Allen's New Zealand connections following his departure to Canada in the mid 1960s were relatively slight. However, he became internationally famous for the study of the Horokiwi Stream. A few years before he left for Canada, he had employed a young British biologist to undertake a "repeat study" of the stream's trout population. This individual insisted that to do the work effectively, he needed a small field station close to the stream. This reasonable demand was something that Allen was never able to persuade the Marine Department to agree to, and as a result the work was never initiated. It was not until the late 1990s that any kind of replicate study was initiated, and a repeat survey of the Horokiri was done. By this time the stream was defunct as a trout population and there was no opportunity to re-examine the place of invertebrate production in the stream's trout fishery. Biologists involved in this last Horokiri study corresponded with Allen about the stream and he visited it during a trip to New Zealand in 1998. He is co-author of the resulting report, almost certainly his last scientific paper (Jellyman et al. 2000).

Allen was involved in the foundation of the New Zealand Ecological Society, was inaugural President in 1962-63, and presented many papers at Society conferences. He was a Golden member of the American Fisheries Society (meaning that he had been a member for 50 years) and an Honorary Life Member of the Australian Marine Sciences Association and the Australian Society for Fish Biology; the latter society named an award for research excellence after him.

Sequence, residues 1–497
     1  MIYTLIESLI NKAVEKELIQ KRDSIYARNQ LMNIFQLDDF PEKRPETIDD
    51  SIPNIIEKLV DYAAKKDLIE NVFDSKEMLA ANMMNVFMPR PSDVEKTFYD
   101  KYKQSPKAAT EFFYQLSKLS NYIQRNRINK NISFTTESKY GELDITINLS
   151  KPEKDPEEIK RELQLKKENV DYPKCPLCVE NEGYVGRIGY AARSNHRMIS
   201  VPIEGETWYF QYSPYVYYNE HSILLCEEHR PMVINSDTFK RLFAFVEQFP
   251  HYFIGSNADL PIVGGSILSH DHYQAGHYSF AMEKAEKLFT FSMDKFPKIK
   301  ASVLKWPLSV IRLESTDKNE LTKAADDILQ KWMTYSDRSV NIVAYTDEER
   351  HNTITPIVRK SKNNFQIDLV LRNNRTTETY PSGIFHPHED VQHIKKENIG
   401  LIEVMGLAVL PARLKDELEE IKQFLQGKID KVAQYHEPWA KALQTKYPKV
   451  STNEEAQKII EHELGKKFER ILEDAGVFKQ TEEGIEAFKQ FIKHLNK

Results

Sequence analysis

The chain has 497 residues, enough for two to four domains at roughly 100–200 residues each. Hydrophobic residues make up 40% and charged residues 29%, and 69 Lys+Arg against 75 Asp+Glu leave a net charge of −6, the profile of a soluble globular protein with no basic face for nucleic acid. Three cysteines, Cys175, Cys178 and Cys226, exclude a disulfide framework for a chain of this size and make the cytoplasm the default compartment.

Allen died in Rockdale, New South Wales on 16 February 2008, aged 97 years. He was elected Fellow of the Royal Society in 1961, and so had been a Fellow for 47 years, until his death one of the earliest elected surviving Fellows. His wife Rosa predeceased him in 1995; they had no children.


  • Huryn, A. D. 1996: An appraisal of the Allen paradox in a New Zealand trout stream. Limnology and Oceanography 41: 243-252.


  • Allen, K. R. n.d.: Introduction of a new game fish. New Zealand Marine Department Special Fisheries Report. 12 p.
  • Allen, K. R. n.d.: Official tour to Rome, U.K. and U.S.A., 20 April-1 July 1961. New Zealand Marine Department Special Fisheries Report. 8 p.
  • Allen, K. R.; Maynard, K. F.; Murphy, J. K. n.d.: Effects of electric fishing on fertility and development of trout eggs. New Zealand Marine Department Fisheries Report. 2 p.
  • Allen, K. R. n.d.: Fiducial limits in marking experiments with small populations. New Zealand Marine Department Special Fisheries Report. 3 p.
  • Allen, K. R. 1935: The food and migrations of the perch in Windermere. Journal of Animal Ecology 4: 264-273.
  • Allen, K. R. 1938a: Some observations on the biology of the trout (Salmo trutta) in Windermere. Journal of Animal Ecology 7: 333-349.